16 ask the Prosecutor now in good conscience and bearing in mind that they

17 themselves have now launched an attack effectively on their own statement

18 to call Peter Hewitt, the interpreter, to give evidence on this topic or

19 to indicate whether or not the Prosecutors stand by the certification

20 which was provided to the Defence and on which we and presumably the Court

21 rely in preparing and running the case.

22 JUDGE LIU: Well, as I said, that that statement is not

23 essentially important. It may be important in the cross-examination, but

24 this statement will certainly not be admitted into the evidence. What we

25 relied upon is the testimony of this witness in this courtroom. And at a

Page 21

1 later stage, if there's great disputes concerning of the translation, as

2 we had with the document 108 for the last witness, we'll consult the CLSS

3 or the interpreters on that very issue. But on this particular document,

4 I don't see it's necessary to call the interpreters to testify to that

5 effect.

6 MR. MORRISSEY: Now, Your Honour, the reason why I raise it now

7 rather than at a later time is because frankly the witness is here and I

8 don't want to be accused of launching an attack after the witness has

9 vanished. But what the witness says about the interpreting process is

10 capable of impacting directly on his credit, on his credibility, and he is

11 making grave allegations, really, and the Prosecutor are leading that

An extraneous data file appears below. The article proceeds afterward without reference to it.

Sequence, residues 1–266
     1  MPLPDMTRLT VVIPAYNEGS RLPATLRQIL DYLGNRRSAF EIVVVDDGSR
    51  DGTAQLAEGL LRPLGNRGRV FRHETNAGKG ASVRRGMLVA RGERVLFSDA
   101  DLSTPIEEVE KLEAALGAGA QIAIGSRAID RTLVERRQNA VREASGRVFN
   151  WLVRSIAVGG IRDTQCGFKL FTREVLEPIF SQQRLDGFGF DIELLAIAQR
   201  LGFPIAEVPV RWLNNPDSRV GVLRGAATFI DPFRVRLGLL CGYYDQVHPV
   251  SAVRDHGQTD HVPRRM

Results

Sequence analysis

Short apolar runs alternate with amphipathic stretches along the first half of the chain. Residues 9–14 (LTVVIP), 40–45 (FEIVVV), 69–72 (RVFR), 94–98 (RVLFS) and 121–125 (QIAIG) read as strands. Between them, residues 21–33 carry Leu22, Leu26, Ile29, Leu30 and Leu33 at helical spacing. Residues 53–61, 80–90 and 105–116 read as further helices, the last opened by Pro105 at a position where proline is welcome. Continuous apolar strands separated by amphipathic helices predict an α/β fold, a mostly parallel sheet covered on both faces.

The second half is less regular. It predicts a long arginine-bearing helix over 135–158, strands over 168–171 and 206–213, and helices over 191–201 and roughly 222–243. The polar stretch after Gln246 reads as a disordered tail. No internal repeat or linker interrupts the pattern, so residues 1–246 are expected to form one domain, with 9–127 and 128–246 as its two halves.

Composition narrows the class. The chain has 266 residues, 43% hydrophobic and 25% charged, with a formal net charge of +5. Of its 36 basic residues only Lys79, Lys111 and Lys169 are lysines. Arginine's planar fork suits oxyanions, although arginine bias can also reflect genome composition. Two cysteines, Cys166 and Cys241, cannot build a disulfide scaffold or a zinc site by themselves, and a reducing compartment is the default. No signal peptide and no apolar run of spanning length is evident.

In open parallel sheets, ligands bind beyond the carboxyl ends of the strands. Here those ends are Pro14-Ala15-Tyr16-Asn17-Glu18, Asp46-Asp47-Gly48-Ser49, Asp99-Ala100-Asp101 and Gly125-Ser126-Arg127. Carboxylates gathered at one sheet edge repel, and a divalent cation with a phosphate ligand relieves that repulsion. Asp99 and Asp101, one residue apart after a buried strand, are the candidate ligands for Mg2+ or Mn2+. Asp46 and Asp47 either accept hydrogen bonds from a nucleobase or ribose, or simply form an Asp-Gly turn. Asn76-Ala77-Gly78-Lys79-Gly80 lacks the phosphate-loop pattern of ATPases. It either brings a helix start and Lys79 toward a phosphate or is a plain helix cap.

12 evidence from him in redirect; quite grave, quite significant allegations

13 are being made here. Now, if they're not true, that's another matter that

14 you, the Tribunal, would be entitled the weigh up in considering whether

15 you believe one word that he says. And for that reason, I want to mark

16 that as an issue that the Defence raises, because these are grave

17 allegations and if Peter Hewitt and the man who has been variously

18 described as Mihajlovic and other things, but whose true name is Nikolai

19 Mikhailov. Having engaged in tat sort of conduct, well, it could be a

20 matter of significance one way, but of course if the answer is the other

21 way, well, it affects this witness.

22 So that's why I raise it now. I agree with Your Honour it's not

23 a question o of the statement going into evidence, but it's a question of

24 this witness's credibility and the way that he explains what's happened.

25 I don't seek that any order be made about it right now, but I raise it now

Page 22

1 and the Prosecutor will have to consider what position they want to take

2 about it, but I want to put it on the map because it's not going to go

3 away, Your Honour.

4 JUDGE LIU: Well, table

5 JUDGE LIU: Well -- I believe that your observations or statement

6 is in the record. And if in the future you believe there is a need for

7 the further action, you may file a motion to that effect.

8 Thank you.

9 [Trial Chamber confers]

10 JUDGE LIU: Yes. Judge El Madhi.

11 Questioned by the Court:

12 JUDGE EL MAHDI: Thank you, Mr. President.